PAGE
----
It is thus not difficult to see how the title “Sir” came in England to be “prefixed to the expressions of knights.” Knight- hood was the necessary concomitant of rank, the ultimate proof of nobility. The title that expressed this was “Sire” or “Sir” prefixed to the Christian name. In the case of earls or barons it might be lost in that of the higher rank, though this was not universal even much later: e.g. in the 14th century, Sir Henry Percy, the earl marshal, or Sir John Cobham, Lord Oldcastle. The process by which the title lost all connotation of nobility would open up the whole question of the evolution of classes in England (see Gentleman). In the case of baronets the prefix “Sir” before the Christian name was ordained by King James I. when he created the order.

The old use of “Sir” as the style of the clergy, representing a translation of dominus, would seem to be of later origin; in Guillaume le Mareschal even a high dignitary of the church is still maistre (master): e.g. “Maistre Pierres li cardonals” (l. 11399). It survived until the honorific prefix “Reverend” became stereotyped as a clerical title in the 17th century. It was thus used in Shakespeare's day: witness “Sir Hugh Evans,” the Welsh parson in The Merry Wives of Windsor. In the English universities there is a curious survival of this use of “Sir” for dominus, members of certain colleges, technically still “clerks,” being entered in the books with the style of “Sir” without the Christian name (e.g. “Sir Jones”).

In ordinary address the title “Sir,” like the French Monsieur, is properly applied to any man of respectability, according to circumstances. Its use in ordinary conversation, as readers of Boswell will realize, was formerly far more common than is now the case; nor did its employment imply the least sense of inferiority on the part of those who used it. The general decay of good manners that has accompanied the rise of democracy in Great Britain has, however, tended to banish its use, together with that of other convenient forms of politeness, from spoken intercourse. As an address between equals it has all but vanished from social usage, though it is still correct in addressing a stranger to call him “Sir.” In general it is now used in Great Britain as a formal style, e.g. in letters or in addressing the chairman of a meeting; it is also used in speaking to an acknowledged superior, e.g. a servant to his master, or a subaltern to his colonel. “Sir” is also the style used in addressing the king or a prince of the blood royal (the French form “Sire” is obsolete).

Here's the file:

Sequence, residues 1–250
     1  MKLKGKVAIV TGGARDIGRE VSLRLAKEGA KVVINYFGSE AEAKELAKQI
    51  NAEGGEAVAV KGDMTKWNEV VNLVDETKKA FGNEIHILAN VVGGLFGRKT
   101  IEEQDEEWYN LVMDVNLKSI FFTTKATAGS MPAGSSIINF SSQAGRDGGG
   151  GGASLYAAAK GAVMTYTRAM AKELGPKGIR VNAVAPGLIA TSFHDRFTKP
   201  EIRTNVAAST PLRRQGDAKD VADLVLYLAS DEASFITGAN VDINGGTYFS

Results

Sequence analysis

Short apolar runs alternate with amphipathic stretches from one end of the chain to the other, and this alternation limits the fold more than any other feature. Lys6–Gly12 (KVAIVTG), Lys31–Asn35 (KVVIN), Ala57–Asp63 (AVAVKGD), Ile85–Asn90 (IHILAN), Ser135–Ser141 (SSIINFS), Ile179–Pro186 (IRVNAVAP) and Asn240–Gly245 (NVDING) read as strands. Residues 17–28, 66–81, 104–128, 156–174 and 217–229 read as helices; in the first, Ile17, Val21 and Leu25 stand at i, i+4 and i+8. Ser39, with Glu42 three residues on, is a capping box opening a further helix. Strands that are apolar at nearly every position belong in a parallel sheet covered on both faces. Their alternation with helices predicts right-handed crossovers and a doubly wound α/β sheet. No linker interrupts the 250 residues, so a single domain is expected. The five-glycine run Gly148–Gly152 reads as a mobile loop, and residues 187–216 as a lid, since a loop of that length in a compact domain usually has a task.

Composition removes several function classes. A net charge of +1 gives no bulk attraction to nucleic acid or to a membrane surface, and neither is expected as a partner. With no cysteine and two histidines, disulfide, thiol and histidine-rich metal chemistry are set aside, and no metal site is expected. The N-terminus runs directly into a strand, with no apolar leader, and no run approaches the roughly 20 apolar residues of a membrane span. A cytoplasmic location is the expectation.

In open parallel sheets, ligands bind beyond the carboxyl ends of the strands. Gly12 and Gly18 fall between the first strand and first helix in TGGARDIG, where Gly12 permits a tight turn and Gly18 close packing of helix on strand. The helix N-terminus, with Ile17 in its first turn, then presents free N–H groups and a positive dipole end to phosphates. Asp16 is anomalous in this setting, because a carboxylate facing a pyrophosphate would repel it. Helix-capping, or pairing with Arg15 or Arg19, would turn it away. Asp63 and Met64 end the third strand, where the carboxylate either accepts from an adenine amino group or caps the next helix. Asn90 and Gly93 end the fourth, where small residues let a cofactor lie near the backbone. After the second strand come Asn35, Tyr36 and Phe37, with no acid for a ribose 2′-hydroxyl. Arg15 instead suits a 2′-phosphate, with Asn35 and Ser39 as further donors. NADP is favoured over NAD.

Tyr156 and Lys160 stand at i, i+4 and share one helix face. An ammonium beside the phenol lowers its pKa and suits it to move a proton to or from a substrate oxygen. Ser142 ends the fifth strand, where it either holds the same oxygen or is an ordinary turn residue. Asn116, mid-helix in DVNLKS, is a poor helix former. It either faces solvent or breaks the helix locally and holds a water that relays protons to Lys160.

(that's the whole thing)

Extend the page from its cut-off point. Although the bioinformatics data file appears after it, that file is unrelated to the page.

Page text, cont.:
In the United States, on the other hand, or at least in certain parts of it, the address is still commonly used by people of all classes among themselves, no relation of inferiority or superiority being in general implied.

The feminine equivalent of the title “sir” is legally “dame” (domina); but in ordinary usage it is “lady,” thus recalling the original identity of the French sire with the English “lord.”  (W. A. P.) 

  1. Certainly not “from Cyr, κυρ, a diminutive of the Greek word κύριος” (F. W. Pixley, A History of the Baronetage, 1900, p. 208).
  2. For not very obvious reasons some baronets now object to the contracted form “Bart.,” which had become customary. See Pixley, op. cit. p. 212.
  3. Edited in 3 vols., with notes, introduction and mod. French translation by Paul Meyer for the Soc. de l'Histoire de France (Paris, 1891).
  4. “Who was of good lineage and after his father became earl.”
  5. Cf. l. 18682.
    N'entendi mie bien li sire
    Que mis sire Johan volt dire.